Her eyes remain on the stew. “It’s an anchor. But that won’t help you go up the volcano.”

“I didn’t–”

She seizes his wrist, nails gouging skin. “Forget the German. He is nothing.”

The howl of a train horn blasts Julián’s reply from his mind. It can mean only one thing.


He spins on his heels and races outside. Freight carriages rattle along the railroad, heading east into Bolivia. Julián breaks into a sprint. Air clings to him like syrup, and his legs seem made of lead. The volcano’s jealous and incessant pull. But he fights. And at last he comes alongside the train, finds a handle, and heaves himself into an open carriage.

Ollagüe dwindles in the train’s wake. Julián throws his head back and laughs. He glances up and down the length of the train. It seems to have no beginning or end, as long as Chile itself, a feature of the landscape. After a few minutes, only the volcano’s snowy head peeks above the horizon. Julián lays down inside and waits. Soon, or after a long while–he cannot tell–he dozes.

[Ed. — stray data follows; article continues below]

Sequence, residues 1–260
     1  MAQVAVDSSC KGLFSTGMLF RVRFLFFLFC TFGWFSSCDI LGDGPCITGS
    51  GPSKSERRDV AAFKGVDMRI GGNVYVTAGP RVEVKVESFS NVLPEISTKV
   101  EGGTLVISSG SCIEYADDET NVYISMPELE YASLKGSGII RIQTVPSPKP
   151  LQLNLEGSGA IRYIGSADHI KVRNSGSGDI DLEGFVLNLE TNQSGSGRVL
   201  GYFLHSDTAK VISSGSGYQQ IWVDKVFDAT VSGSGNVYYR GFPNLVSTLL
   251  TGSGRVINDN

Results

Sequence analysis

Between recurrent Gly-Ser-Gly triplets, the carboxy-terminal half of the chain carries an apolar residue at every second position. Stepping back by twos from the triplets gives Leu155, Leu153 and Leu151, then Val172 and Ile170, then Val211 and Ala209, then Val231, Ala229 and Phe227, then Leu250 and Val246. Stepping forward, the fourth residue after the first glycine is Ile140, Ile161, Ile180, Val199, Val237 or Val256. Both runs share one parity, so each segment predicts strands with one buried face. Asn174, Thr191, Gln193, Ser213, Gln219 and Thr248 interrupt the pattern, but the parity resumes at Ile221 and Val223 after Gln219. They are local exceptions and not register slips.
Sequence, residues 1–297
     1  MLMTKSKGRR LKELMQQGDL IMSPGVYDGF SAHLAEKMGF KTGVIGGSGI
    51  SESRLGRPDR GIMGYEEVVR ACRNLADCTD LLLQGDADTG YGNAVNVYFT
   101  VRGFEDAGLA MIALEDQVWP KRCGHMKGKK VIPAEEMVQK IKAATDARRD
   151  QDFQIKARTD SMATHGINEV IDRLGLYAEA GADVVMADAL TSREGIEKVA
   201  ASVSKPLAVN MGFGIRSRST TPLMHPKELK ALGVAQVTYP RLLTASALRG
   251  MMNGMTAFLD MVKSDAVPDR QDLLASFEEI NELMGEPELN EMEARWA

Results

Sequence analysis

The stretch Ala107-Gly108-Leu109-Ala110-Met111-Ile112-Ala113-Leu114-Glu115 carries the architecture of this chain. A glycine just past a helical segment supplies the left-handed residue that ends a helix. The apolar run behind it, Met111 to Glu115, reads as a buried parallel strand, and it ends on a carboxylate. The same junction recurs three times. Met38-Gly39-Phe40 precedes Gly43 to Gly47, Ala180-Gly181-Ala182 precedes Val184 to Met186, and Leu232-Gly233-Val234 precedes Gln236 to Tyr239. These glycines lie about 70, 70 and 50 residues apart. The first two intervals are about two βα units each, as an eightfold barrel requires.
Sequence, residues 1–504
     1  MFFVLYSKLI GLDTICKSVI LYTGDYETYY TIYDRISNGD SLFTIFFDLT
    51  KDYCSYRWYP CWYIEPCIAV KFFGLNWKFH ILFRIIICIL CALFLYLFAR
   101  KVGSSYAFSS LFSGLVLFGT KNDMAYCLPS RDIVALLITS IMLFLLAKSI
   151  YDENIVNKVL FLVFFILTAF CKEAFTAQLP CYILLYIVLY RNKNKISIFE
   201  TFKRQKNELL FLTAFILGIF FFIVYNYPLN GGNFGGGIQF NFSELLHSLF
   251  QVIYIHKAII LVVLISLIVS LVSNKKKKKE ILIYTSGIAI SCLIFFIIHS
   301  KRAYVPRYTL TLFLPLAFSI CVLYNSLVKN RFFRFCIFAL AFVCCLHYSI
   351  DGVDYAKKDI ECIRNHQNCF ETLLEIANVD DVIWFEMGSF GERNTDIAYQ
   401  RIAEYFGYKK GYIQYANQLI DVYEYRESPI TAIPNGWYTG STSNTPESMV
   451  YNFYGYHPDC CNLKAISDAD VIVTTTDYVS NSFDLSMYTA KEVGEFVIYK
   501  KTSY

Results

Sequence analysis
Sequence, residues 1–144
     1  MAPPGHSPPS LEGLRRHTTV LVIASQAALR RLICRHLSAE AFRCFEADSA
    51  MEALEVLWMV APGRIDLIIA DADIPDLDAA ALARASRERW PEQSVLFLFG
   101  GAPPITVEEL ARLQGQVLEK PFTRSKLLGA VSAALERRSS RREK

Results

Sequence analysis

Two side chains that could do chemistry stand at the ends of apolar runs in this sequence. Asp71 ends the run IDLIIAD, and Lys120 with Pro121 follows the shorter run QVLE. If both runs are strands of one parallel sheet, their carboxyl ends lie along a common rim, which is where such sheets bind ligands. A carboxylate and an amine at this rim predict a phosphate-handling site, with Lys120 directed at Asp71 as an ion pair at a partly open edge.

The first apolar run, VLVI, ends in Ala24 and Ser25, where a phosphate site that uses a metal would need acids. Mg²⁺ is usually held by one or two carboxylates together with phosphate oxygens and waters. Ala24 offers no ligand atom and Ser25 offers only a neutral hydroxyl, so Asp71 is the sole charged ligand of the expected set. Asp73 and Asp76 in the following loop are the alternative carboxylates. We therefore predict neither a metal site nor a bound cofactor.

He dreams of attending his own funeral, but the casket is empty, and his friends and family have forgotten who he is. They’ve only come to get drunk and discuss football.

A horn startles him awake.

Julián rushes to the door and peers outside, eager to welcome the salvation of some remote Bolivian town.

But that is not what he sees. No. Instead,



the one thing

he desired to escape

towering, inescapable, timeless:


“My god,” Julián gasps, and tears leave gleaming ribbons on his cheeks.

The train pulls into Ollagüe town. It has shrunk to only a handful of buildings and the volcano is even bigger, an overgrown monstrosity, larger even than Anconcagua itself.

The German’s smile is a sparkling ‘welcome home’ banner.